Air India quietly taking on budget carriers, offers cheap tickets on busy routes
Even as budget carriers wage fare wars to gain shares in market, AI has been quietly undercutting them with lowest ticket prices on busy routes.
However, India's national carrier is selling cheap tickets even closer to the travel date, indicating it is desperately trying to fill empty flights. For instance, the airline is selling flights to Bangalore-Goa on June 24 as low as 2,059 while AirAsia is selling it at 4,840. The route became popular after AirAsia India started its maiden flight on the Bangalore-Goa route last week.
On Ahmedabad-Mumbai sector, Air India is offering fares as low as 3,559 early next week while the low fare carriers are offering tickets between 5,300 and 5,900.
The obvious reason is unsold inventory, said Sharat Dhall, president, Yatra.com. Airlines typically sell cheaper seats on later travel dates and jack up fares closer to the travel dates as more of their seats get sold. Airlines having a number of unsold seats close to the date of flying would rather sell them cheap than let them fly empty.
Experts said Air India may have been caught in the wrong end of aggressive fare wars that started early this year. Low-fare carrier SpiceJet has been starting most of them, starting a chain reaction across the industry.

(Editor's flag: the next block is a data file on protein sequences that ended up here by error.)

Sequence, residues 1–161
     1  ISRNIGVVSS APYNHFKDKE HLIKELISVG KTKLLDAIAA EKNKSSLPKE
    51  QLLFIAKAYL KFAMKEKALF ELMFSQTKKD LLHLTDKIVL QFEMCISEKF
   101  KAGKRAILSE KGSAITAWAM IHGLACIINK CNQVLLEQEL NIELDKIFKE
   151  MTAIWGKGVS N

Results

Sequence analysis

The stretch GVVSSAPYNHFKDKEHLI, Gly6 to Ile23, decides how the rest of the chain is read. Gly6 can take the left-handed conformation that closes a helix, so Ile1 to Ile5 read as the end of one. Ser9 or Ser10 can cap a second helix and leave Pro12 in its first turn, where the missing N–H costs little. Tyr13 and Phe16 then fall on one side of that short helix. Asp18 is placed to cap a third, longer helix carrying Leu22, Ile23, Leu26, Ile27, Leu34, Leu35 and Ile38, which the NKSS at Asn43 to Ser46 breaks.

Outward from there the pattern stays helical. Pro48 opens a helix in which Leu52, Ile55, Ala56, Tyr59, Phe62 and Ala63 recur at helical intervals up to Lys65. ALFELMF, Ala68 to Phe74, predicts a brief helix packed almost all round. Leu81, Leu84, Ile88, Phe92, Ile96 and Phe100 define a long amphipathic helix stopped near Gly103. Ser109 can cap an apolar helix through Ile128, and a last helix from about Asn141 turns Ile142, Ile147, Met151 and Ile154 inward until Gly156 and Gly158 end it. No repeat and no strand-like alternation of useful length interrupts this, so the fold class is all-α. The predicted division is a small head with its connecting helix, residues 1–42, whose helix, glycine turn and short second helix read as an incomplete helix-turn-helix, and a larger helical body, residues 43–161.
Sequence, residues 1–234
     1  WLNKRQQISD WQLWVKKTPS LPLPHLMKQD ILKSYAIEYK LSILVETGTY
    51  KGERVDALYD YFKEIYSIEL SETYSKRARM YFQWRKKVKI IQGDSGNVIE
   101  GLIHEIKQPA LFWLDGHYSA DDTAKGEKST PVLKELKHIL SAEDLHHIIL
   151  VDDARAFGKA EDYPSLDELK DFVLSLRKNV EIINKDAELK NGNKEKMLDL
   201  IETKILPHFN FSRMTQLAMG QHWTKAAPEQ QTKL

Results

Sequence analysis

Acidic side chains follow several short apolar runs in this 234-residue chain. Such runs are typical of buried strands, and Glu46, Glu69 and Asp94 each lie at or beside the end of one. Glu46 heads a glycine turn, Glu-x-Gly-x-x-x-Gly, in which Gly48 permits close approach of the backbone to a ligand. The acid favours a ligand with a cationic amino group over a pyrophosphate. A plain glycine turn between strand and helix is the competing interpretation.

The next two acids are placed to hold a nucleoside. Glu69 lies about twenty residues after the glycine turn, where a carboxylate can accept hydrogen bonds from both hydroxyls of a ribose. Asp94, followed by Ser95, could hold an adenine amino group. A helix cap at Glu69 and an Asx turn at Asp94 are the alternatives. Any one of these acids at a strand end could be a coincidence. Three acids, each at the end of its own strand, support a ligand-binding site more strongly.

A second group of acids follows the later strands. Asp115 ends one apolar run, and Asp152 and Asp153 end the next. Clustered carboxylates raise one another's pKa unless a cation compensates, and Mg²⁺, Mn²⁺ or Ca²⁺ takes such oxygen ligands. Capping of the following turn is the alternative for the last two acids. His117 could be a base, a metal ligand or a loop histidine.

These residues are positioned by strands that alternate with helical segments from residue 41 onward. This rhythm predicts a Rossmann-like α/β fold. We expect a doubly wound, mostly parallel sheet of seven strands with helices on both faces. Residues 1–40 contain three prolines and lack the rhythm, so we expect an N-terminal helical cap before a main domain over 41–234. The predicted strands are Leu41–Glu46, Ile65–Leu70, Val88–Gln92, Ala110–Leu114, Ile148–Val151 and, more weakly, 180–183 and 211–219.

Market leader IndiGo has on most instances got the best advantage of these wars. It offers higher capacity than its rivals which means, passengers board its flights more than they do others' whenever there is a discount offered. Its on-time performance, although recently beaten by SpiceJet, still ensures robust passenger volumes on its flights.
"Last minute fares are a function of the required yield and seat factor. Peak hour flights will invariably have high seat factors and hence high last minute fares. Only in cases where unsold inventories are high, perhaps due to low customer preference, will the last minute fares be low," says Amber Dubey, Partner and India Head of Aerospace and Defense at global consultancy KPMG.
What could be bad news for low-fare carriers is that even for early bookings, which is the space where price wars play out between low-cost carriers, Air India is offering the lowest fares on many routes.
For example on a Bangalore-Goa flight for July 24, Air India is selling tickets at 2,059, close to 400 lower than SpiceJet. IndiGo's lowest fare on the route is 2,740.
While it gives customers one more option to fly cheaper, Air India's low fares may have negative impact on its performance. The airline is a legacy carrier which provides amenities such as food to its passengers, in turn meaning it runs costlier operations than its rivals. The carrier has been bleeding losses since 2007 and surviving primarily on cash handouts from the government. But its finances have lately shown signs of some revival. The airline earned 44 crore in passenger revenue in May, up 16% on year, according to a spokesperson. Air India carried 47,700 passengers in the month versus 45,230 a year earlier and its load factors improved to 80% from 73%.